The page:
“Reconnecting with Nature: Rivers, Lakes, and Oceans”

Posted on October 22, 2014 by


“The Ngondo is an annual water-centered festival held by the Sawa (coastal peoples) in Douala, Cameroon. This gathering of  the Sawa people takes place in the first two weeks of December on the Wouri river banks in Douala and show cases the culture of the Sawa, the country’s coastal dwellers.   The Ngondo Festival is a way to connect with the spirits of “water Gods” and has been celebrated as an annual religious/traditional festival for countless years now. Ngondo festival begins with a number of rituals and feasts performed to celebrate and rejoice the unity of various African tribesmen who gather there for further celebrations of the event.” 



“Reconnecting with Nature:  Rivers, Lakes, and Oceans”

by Tameko Barnette

The element of water is associated with the emotional self.  The planet Earth is 75 percent water.  The human body is 75 percent water.  The evidence shows that  water is an important element that keeps us in the flow with life all around us and within us, yet, we are not connecting to the elements as much as we should.  This is a tradition that has been within the souls of African people since the beginning of time as we know it.  To a certain degree, many of us have gotten away from drinking a substantial amount of water to keep us hydrated and purified.

As we begin to renew our relationship to the water element, we are reconnecting to our emotional state of being and to a life-giving source within and all around us.  We know that spending time in nature is a positive way forward, but how we spend time in nature is highly important to our personal development and spiritual growth.

I encourage you to spend time at a body of water on a regular basis.  Regardless of where you may live in the world, I am confident in my thinking that you are probably located near a body of water of some kind; a river, a lake, or an ocean.  Perhaps, you may be able to find a pond or a stream nearby.

Why spend time near a body of water on a regular basis?

This simple, yet powerful ritual will help us in connecting to more than just the physical element of water.  When we connect with water we are spending time with the Ancestors.  We are cultivating life-affirming lessons, such as going with the flow of life, maintaining balance in life, connecting to our intuition, and renewing a relationship with the Moon, which is the divine feminine.

I have been taught that water is divine feminine, but I can feel the divine masculine within the water element as well.  Water is about strength and physical power as well.  To that end, I have listed a few recommendations for connecting with the water element when you visit a body of water near you.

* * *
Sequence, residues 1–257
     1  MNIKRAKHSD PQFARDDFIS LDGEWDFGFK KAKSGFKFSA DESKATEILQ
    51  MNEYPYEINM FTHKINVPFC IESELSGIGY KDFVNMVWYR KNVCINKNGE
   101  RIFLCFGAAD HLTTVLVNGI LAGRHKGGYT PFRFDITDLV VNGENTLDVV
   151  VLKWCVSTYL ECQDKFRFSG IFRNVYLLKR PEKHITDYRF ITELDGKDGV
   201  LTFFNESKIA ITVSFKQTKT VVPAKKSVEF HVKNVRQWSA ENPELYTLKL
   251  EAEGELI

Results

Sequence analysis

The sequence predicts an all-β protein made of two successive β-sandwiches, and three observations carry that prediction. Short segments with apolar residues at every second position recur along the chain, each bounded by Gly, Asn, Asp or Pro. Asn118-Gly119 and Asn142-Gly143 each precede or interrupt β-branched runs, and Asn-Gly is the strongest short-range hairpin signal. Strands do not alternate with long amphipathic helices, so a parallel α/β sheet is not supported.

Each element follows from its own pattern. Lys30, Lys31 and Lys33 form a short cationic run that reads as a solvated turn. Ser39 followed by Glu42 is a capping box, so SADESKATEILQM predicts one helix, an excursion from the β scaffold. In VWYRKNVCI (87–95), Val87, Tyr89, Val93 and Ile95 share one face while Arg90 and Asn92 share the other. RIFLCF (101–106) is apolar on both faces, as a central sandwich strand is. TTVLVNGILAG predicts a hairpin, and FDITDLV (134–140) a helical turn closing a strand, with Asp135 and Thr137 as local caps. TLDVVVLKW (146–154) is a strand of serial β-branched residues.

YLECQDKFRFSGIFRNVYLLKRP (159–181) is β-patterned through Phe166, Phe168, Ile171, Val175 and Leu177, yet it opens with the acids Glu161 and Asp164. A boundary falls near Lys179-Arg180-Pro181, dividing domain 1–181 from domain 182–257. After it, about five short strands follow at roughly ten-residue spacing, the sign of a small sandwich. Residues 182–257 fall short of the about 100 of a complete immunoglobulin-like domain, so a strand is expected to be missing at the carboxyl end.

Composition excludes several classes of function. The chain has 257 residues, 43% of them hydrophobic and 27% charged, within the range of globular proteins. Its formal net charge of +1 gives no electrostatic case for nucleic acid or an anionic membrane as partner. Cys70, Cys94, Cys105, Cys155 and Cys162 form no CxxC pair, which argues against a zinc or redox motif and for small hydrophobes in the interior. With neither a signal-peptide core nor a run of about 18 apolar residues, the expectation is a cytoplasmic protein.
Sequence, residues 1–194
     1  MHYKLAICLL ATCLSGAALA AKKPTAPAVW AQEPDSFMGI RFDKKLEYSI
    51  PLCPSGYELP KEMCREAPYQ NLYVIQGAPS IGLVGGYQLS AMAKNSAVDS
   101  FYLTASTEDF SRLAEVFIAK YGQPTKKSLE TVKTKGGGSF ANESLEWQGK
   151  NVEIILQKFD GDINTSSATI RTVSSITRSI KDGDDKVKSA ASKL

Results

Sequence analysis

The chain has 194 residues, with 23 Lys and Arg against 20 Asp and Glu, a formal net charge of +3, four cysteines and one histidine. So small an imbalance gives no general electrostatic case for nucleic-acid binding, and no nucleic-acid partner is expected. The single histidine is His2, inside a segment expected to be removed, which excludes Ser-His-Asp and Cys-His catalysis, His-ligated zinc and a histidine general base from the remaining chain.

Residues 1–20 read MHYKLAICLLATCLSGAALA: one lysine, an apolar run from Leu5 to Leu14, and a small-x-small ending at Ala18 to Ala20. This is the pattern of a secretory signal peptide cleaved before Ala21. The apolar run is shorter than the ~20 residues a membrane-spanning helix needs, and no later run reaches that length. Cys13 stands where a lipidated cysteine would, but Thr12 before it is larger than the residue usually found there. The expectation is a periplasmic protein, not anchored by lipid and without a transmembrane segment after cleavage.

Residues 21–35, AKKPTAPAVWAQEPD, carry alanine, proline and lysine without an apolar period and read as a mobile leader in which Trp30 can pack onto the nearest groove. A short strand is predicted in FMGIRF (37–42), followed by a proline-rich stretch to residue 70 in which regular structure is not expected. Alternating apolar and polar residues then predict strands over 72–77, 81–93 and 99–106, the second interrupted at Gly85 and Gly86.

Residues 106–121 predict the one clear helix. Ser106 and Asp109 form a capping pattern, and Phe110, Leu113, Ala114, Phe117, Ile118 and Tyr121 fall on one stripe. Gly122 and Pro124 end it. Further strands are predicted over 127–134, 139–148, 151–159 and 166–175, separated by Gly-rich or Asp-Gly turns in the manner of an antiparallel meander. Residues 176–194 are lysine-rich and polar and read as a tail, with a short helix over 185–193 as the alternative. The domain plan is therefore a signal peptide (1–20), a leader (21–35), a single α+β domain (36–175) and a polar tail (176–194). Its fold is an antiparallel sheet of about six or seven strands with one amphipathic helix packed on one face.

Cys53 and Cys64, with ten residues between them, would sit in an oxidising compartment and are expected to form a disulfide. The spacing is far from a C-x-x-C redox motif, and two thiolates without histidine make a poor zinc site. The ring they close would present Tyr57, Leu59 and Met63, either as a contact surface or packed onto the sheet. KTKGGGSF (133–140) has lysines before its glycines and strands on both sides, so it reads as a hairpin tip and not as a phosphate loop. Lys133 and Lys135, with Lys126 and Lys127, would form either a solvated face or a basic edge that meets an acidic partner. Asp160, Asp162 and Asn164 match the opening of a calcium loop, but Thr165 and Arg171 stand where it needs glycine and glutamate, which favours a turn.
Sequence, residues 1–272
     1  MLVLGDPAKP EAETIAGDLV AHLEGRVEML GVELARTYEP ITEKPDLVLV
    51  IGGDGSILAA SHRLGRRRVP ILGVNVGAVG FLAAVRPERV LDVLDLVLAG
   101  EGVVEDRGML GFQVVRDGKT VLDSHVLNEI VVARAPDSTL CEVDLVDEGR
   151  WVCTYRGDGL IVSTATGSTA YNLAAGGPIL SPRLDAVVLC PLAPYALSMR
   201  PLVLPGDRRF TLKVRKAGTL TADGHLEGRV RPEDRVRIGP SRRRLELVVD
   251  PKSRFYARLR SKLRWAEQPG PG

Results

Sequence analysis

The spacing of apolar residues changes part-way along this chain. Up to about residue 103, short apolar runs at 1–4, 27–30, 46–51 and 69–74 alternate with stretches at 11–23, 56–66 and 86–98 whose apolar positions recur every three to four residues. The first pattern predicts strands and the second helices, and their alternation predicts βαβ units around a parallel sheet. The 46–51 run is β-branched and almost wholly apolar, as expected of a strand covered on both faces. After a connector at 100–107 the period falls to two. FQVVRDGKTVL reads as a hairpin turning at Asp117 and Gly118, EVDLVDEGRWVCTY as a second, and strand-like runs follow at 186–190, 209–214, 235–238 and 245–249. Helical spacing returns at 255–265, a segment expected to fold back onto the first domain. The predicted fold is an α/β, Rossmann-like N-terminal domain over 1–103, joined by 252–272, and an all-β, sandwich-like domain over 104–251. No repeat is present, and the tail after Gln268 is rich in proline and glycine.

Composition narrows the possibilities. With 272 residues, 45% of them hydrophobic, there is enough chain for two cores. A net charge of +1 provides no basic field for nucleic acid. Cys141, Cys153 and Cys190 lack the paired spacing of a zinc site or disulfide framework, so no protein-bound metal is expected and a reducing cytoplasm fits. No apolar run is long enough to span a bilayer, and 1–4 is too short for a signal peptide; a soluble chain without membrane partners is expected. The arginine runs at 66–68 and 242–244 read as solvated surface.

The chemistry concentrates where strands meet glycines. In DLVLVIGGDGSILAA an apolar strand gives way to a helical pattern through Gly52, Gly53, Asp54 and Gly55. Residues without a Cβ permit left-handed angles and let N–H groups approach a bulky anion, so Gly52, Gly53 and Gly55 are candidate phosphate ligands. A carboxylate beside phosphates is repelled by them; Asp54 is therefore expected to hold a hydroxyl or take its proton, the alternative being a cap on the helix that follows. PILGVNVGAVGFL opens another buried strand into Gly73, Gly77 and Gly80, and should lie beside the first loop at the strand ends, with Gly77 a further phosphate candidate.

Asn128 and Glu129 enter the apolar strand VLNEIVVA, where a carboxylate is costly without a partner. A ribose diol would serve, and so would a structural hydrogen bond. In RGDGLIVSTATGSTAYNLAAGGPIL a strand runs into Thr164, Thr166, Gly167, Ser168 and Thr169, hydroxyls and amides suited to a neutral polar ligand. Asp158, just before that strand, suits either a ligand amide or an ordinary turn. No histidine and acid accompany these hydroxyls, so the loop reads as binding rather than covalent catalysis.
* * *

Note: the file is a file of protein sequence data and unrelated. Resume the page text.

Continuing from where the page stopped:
•      – Take a journal or a notebook with you, so you can write any thoughts or feelings that come forth as you spend time at the river, lake, or ocean.
  •       -Take an offering with you.  All you need is a small crystal or gemstone, such as rose quartz, clear quartz, jade, amethyst, citrine, etc.  Say a silent prayer or affirmation of gratitude and toss the crystal or gemstone into the water.
  •        -Spend some time in meditation while you are visiting the water.  Close your eyes and listen to the water flowing.  Allow the water to be your meditation music and spiritual guide.

I’d like to extend my recommendations to include our African deities that you can keep in mind as you spend time with the water element as well.  Each deity is a representation of a particular force in nature.  As you spend time with the water element, you can meditate with an African deity to assist you with cultivating his or her positive qualities, which reside within you.   Here’s a brief list of some African deities of the water element.   Please feel free to do your own research to learn more about them.

     Yemaya 2

Oshun                                            Khnum                      Tefnut                            Yemaya (Yemoja

  •    *Nebt-Het, goddess of rivers     *Oshun, goddess of fresh water rivers and lakes
  •   *Yemaya (Yemoja), goddess of the ocean    *Aset, goddess of the ocean
  •  *Khnum, god of the Nile River    *Tefnut, goddess of water (moisture in the air)
  •  *Nyami Nyami, a river god      *Olokun, god of the ocean
  •  *Mami Wata, goddess of the water element in all forms



Aset (Auset)                                            Nebt-Het (Nephthys)                       Nyami Nyami


I encourage you to enjoy time with the water element by yourself, but also share it with family and friends as well.  Honor the water element within you and all over the planet.  Make sure you are drinking good, clean water as much as possible each day.  Every time you get a chance to drink water or take a shower or a bath, say Thank You to the Divine.  Learn more about what is happening to our water source all over the world and see what you can do to assist our water supply.


Olokun                                                                         Mami Wata